clothes. But now they’re in things like
football kits and fishing gear.”
10
Dressing the deceased
Our study identifies that it has become popular to dress
a loved one in their own clothes in as many as six in ten
funerals. But there’s a difference: what’s worn is less likely to
be everyday clothes and more likely to be chosen to reflect
a hobby or job. Requests include wedding dresses, football
strips, military uniforms, kilts and bikers’ leathers. More
unusual requests have included cyclists’ lycra, fishermen’s
waders, divers’ wet suits and even a clown outfit.
Sometimes, regrettably, clothing choices have to be
turned down in cases of cremation as there are strict rules
governing crematoria emissions.
Funeral Directors
wear orange ties for a
funeral organised by
The Co-operative
Funeralcare in South
Shields, Tyne and Wear.
The way that people
dress has changed.
In the old days it was
black suits and black
ties, whereas nowadays
you get families
wanting people not
to wear black.”
11
Choosing a coffin
‘Personalised’ coffins in different shapes, colours and materials are starting to
appear more frequently. Picture coffins, or materials such as wool and cardboard
are becoming more popular.
Water hyacinth or banana leaf coffins
Picture coffin with aeroplane design.
Decorating the coffin
Photographs of the loved one are sometimes placed on or
beside the coffin. It has also been known for a montage
of photographs to be arranged and displayed during the
funeral service.
The coffin may also be painted or decorated with flowers,
images, flags or even clothing – for example, tartans are
popular in Scotland. More unusual examples have included
paintings of a Lancaster Bomber, a Tardis and a yacht.
Sometimes messages from the family or friends are also
written on the coffin itself.
Mementos inside the coffin
12
Coffin made from British wool.
Coloured cardboard coffin.
People may also wish to place mementos inside the
coffin, such as pipes and cigarettes, bottles of whisky,
photographs, wedding rings, watches, spectacles and
mobile phones. However, legislation affecting crematoria
emissions means that we may have to remove some items
before the cremation and return them to the family.
There are more people asking for
wicker coffins now. It’s still not a lot,
but certainly more than it used to be.”
There are a lot of different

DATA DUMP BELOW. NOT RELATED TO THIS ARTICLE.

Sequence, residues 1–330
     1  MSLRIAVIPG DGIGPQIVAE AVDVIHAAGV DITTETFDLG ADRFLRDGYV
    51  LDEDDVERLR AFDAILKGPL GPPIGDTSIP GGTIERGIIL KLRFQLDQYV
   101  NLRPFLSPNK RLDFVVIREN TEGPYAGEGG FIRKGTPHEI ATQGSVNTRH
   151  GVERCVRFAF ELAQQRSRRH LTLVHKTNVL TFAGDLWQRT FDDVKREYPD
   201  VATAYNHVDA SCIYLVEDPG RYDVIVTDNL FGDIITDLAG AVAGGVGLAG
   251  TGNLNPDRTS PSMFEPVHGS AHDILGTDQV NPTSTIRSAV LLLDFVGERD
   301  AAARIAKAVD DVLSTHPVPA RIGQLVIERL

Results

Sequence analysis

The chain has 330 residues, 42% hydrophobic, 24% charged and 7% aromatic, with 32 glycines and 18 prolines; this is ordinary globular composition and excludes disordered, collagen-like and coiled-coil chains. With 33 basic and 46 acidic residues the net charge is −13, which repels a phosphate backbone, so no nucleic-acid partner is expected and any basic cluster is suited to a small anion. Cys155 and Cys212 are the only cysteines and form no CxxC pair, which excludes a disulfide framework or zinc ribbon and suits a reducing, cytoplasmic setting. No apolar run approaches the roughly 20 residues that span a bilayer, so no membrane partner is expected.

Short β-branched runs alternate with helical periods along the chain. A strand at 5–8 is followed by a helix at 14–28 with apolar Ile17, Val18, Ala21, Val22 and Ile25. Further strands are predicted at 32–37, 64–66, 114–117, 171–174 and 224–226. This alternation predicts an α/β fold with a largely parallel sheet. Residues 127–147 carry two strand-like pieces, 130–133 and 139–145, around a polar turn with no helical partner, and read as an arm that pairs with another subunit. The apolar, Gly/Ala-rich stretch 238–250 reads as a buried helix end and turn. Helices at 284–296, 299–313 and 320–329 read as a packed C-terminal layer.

materials that coffins can be
made from. We’ve organised
funerals with bamboo and
wool coffins… there are also
more coffins being made out
of recycled materials.”
13
Carrying the coffin
Historically, before hearses were commonplace, bearers were needed
to carry the coffin from the ceremony to the graveside.
As transportation has evolved through the ages, the role of
the pallbearer has become more historical than functional.
It used to be the norm in many parts of the country for
the Funeral Directors’ bearers to carry the coffin on their
shoulders, with the Funeral Director walking a few paces
in front – now people increasingly want to carry the coffin
themselves where possible. Many consider it a mark of
respect for family and friends to bear the coffin, whether
carrying the coffin or bearing it on their shoulders.
Family and friends can sometimes be denied this
simple homage when local regulations specify that only
professional bearers should carry the coffin. Your Funeral
Director will be able to provide advice and guidance if you
wish to carry the coffin of your loved one.
14
Family members like to carry their
loved one’s coffin, that’s happening
more and more… they like a bit
more involvement.”
One lady recently requested bearers
to all wear Liverpool shirts... they
looked quite nice actually because it was like they were all wearing
a uniform.”
People are making more
individual gestures with the
coffin nowadays… they do
things like line up either side
of the church aisle as the
coffin is being carried out.”
15
Woodland funerals
Our study has shown that woodland burial grounds are becoming more popular
with those who are looking for an alternative to traditional cemeteries or graveyards.
There are currently over 220 woodland burial grounds across the UK and these
numbers continue to grow.
Woodland burial grounds are natural settings such as meadows
or wooded areas which can offer more beautiful, tranquil
resting places. They tend to involve the planting of a natural
memorial, such as a tree and the placing of a simple wooden or
bronze plaque instead of a traditional headstone. There is also a
focus on preserving the natural beauty of the environment and
encouraging native wildlife and flowers.
Environmental considerations
As society becomes more aware of environmental issues,
we are likely to see an increase in the number of people
wanting to arrange funerals which have a low impact on
the environment. Requests for more environmentally friendly
coffins manufactured from recycled or responsibly sourced
materials are still very much in their infancy but are set
to grow.
Coffins accredited by the Forest Stewardship Council
(FSC) are now available, using wood from trees grown in
responsibly managed forests.
People are more aware of
environmental issues and are actively
recycling. It’s likely we will see more
people choosing woodland burials
and environmentally friendly coffins.”
16
Materials such as FSC certified paper, 100% British wool,
water-based glue and fast-growing natural willow are
increasingly being used to make coffins. Ashes caskets
and urns are also available in recycled, biodegradable and
sustainable materials. There is even the option of having the
funeral gown for the deceased made from 100% natural cotton.
People sometimes ask
about woodland or
meadow-side burial
grounds because they
feel it would be in keeping
with the personality of